See how the grain particles have all compacted together, creating that natural filter for the wort to flow through without taking the particles with it.

After draining the mash tun, it is topped up with water again, left to settle, and drained for a second time to extract more of the converted sugars. This particular procedure is called batch sparging, and although it is not the only sparging method available to brewers, it is one of the simplest and requires the least equipment.

Weighing out the different hop additions:

The hops above are hop flowers that have been compacted into pellet form.

Hops are added to the kettle at different times during the boil. Earlier additions (boiled for 80-30ish minutes) are generally used for bittering the beer. Flavour additions are generally added between roughly 30-10 minutes before the end of the boil, and aroma additions are added in the last 10 minutes, or even after the boil has finished. The longer the hops are boiled for, the more flavour and aroma is driven off from the wort, hence the different timings.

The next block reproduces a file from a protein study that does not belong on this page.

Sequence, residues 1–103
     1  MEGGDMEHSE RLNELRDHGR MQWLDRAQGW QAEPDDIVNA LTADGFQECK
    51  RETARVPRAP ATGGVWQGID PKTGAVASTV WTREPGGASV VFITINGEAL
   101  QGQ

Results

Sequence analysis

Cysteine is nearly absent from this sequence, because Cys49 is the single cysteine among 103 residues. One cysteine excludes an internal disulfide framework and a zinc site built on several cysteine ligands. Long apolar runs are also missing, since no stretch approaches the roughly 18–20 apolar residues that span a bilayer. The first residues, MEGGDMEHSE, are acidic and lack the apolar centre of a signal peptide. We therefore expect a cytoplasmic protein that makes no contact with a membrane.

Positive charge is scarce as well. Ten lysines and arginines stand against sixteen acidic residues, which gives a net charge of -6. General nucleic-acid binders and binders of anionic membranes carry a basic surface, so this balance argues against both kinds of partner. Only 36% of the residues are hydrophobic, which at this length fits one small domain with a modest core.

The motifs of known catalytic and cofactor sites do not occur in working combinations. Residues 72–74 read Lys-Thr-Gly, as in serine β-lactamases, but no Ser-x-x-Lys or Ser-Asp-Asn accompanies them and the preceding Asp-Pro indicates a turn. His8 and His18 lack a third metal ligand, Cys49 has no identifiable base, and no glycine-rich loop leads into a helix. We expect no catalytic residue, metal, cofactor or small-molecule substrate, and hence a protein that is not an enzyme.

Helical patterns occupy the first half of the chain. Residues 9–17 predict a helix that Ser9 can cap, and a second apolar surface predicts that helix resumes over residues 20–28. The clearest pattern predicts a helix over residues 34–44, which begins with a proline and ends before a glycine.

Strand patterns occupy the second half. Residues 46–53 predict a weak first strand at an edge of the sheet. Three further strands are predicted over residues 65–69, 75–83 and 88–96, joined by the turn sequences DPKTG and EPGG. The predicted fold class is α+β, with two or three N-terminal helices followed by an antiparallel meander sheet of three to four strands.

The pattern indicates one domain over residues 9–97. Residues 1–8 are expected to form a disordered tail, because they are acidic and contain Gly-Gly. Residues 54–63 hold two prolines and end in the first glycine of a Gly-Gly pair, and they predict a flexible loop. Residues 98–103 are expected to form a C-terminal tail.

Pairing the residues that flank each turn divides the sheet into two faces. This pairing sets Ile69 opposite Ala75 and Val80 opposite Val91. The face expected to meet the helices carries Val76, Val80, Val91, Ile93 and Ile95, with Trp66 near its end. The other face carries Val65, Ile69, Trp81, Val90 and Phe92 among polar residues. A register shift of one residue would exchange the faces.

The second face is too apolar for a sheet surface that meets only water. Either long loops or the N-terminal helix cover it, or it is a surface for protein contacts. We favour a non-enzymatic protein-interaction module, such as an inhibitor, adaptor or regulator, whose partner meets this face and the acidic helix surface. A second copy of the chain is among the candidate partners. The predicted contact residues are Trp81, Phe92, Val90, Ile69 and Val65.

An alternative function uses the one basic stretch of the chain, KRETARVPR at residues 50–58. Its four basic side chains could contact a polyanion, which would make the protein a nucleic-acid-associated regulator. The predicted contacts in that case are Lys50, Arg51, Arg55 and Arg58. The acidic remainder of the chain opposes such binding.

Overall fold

The liquid yeast I used for this brew:

Once the boil has finished, the hopped wort is drained from the kettle and cooled down to fermenting temps (for the case of ales, around 20°C). Once at fermenting temperature, the yeast is added, or "pitched" to the hopped wort, and begins converting the sugars into alcohol. Three weeks later and with a little luck, I'll be pulling the first beer from this batch out of the keg!

Thursday, October 15, 2009

#18 NSSA (Nelson Sauvin Summer Ale)